D’banj ‘King don Come’ is among top albums that should have done better in 2017. We believe these albums did not well enough because we expected so much more from the artists.
Pulse presents the top 5 musicians who could have done better.
Jesse Jagz – “Odysseus” album
Jesse Jagz promised us the album to end all albums. He has done it before, and so we all waited.
After multiple delays, two trips in and out of Chocolate City, and a fan base who were anticipating it, Jesse Jagz finally released “Odysseus”, and the result was poor.
Have you ever been in a position where you are listening to an album and you know that it is not flowing and the music is unsatisfactory, but you are clinging to it? With each song,
you’re pleading with it. You are willing it to get better.
“Odysseus” presents a conundrum. It’s not a project that provides enjoyment, neither does it do anything well enough to stand out.
The name Jesse Jagz is a synonym for quality in Hip hop, but at its best, “Odysseus” is average, and at its worst, it is forgettable.
Korede Bello – “Belloved” album
Here stands Korede Bello, our darling “Belloved” singer who found a way to halt a winning run with a project that misrepresents his growth since his signing by Don Jazzy.
From the artwork which went for woke, but came out with ‘what the hell?’, to the music begging for listener-ship, Korede Bello created a debut album that was lacking in vibe, character and melody.
Dynamism was lacking in Korede Bello “Belloved” album, and no song comes close to all the singles he earlier released.
D’banj – “King don Come” album
With D’banj, you never know what you can truly get. Much of the time, he drops music that pushes you over the edge of enjoyment.
Other times, D’banj simply provides material that fails to offer anything other than just sound.
D’banj “King Don Come” album attempted to be good. It even contained some songs that are passable.
But ultimately, the album carried a lack of quality that is unbefitting of a King.
“King Don Come” album doesn’t cement D’banj’s place in history, neither does it in any way provide entertainment for fans.
Vector – “Lafiaji” album
With Vector, everything requires an intellectual leap. He sells intelligence, weaves complex thought into his music, and pushes it with so much swag.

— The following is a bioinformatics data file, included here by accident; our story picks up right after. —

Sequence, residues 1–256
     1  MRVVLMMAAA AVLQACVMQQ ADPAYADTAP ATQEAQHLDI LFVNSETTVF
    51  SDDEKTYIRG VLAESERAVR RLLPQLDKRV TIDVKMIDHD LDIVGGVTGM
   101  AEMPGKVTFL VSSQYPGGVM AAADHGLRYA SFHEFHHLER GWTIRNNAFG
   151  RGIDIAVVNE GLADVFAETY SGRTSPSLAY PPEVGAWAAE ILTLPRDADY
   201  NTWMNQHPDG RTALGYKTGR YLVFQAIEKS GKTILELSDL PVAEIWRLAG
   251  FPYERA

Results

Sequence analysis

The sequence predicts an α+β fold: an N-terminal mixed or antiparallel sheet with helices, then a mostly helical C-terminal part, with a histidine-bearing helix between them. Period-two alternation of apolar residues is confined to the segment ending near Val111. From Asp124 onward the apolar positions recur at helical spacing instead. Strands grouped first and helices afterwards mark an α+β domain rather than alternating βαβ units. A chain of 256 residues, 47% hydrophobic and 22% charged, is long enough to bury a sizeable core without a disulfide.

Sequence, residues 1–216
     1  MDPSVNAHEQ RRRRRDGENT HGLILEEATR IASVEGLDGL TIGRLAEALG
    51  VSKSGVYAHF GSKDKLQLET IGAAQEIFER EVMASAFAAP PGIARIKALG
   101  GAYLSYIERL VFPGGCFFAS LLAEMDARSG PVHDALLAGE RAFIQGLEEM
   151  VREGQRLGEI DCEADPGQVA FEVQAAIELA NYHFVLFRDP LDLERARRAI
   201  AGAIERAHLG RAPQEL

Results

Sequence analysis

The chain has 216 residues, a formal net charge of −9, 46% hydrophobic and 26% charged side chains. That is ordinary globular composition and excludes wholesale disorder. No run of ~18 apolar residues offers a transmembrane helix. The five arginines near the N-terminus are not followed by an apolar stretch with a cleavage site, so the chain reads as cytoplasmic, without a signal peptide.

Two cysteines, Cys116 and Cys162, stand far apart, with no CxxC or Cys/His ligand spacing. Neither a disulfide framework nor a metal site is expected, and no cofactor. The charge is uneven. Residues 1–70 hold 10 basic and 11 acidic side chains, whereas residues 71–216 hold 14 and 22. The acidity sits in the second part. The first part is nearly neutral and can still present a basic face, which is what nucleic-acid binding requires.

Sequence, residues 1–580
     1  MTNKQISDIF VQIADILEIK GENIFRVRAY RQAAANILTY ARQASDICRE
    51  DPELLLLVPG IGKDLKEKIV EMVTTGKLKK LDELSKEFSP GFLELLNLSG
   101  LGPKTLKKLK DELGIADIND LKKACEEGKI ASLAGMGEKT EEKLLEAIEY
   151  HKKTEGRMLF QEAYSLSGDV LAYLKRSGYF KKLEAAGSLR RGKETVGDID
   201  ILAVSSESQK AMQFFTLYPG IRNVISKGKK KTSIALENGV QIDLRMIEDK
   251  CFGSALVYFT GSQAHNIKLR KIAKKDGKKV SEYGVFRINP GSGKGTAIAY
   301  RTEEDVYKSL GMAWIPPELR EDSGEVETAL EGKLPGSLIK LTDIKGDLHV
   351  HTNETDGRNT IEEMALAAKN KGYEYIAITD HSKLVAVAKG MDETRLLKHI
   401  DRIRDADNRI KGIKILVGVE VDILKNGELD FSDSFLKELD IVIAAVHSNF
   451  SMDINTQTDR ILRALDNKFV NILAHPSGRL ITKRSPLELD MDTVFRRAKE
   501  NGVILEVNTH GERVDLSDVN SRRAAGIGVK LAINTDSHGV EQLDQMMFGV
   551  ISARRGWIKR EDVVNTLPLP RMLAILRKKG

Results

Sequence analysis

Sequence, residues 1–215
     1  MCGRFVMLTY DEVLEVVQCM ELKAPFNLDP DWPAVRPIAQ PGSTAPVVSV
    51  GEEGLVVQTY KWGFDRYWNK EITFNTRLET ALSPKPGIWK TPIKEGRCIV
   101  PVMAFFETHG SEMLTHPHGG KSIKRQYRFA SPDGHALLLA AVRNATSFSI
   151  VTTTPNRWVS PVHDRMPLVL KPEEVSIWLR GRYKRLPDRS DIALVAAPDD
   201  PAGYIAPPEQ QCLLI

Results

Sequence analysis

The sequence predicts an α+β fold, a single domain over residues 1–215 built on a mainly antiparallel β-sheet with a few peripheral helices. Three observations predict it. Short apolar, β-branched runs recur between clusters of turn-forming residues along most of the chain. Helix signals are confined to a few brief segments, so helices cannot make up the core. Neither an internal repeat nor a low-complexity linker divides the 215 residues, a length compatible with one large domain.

The story for “Lafiaji” album was simple but nostalgic…for him. Vector was taking the music back to his childhood in Lagos Island, where he grew up and chased the start of his career.
It was at this place that music came to him, and returning there for a project was a dream come through.
But Vector – “Lafiaji” album was not good. Too much fluff, a lengthy tracklist, a failed launch, and the inclusion of records with no punches, narrowed the chances of this album performing well.
The music here felt like it didn’t want to be alive, and that energy brought down its chances.
Skales – “The Never Say Never Guy” album
Skales took an impossible situation in 2015 and turned it into winning streak.
From losing his deal with EME and being in the cold, the young man has worked his way back into the radar and thrived off his music.
Skales has full label backing from Baseline Music,
he takes home great pay from shows, performances and endorsements.
Despite the incessant backlash and cyber-bullying, Skales keeps his art going, and right now, he is celebrating his second album.
And while everyone in the industry are happy for him to win, Skales “The Never Say Never Guy” album isn’t a win. It’s an uphill struggle.
Although the story behind Skales “The Never Say Never Guy” album is inspirational, the music on it doesn’t back it up.
Skales displays an innate refusal to grow. Weak production, poor songwriting and bad A&R dogs this project with each track you play.
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